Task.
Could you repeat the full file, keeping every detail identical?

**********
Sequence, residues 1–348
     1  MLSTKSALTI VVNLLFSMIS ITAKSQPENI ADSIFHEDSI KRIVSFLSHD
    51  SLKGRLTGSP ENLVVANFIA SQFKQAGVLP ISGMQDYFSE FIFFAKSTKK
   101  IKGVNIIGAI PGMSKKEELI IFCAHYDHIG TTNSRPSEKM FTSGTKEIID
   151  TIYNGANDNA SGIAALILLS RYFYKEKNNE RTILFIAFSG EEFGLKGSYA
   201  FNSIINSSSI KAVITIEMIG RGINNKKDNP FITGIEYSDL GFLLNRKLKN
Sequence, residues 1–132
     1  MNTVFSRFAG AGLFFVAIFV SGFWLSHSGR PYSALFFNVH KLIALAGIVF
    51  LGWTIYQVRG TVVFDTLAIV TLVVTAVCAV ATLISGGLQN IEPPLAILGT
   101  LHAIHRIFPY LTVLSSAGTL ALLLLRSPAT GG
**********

Sequence, residues 1–348
     1  MLSTKSALTI VVNLLFSMIS ITAKSQPENI ADSIFHEDSI KRIVSFLSHD
    51  SLKGRLTGSP ENLVVANFIA SQFKQAGVLP ISGMQDYFSE FIFFAKSTKK
   101  IKGVNIIGAI PGMSKKEELI IFCAHYDHIG TTNSRPSEKM FTSGTKEIID
   151  TIYNGANDNA SGIAALILLS RYFYKEKNNE RTILFIAFSG EEFGLKGSYA
   201  FNSIINSSSI KAVITIEMIG RGINNKKDNP FITGIEYSDL GFLLNRKLKN
Sequence, residues 1–132
     1  MNTVFSRFAG AGLFFVAIFV SGFWLSHSGR PYSALFFNVH KLIALAGIVF
    51  LGWTIYQVRG TVVFDTLAIV TLVVTAVCAV ATLISGGLQN IEPPLAILGT
   101  LHAIHRIFPY LTVLSSAGTL ALLLLRSPAT GG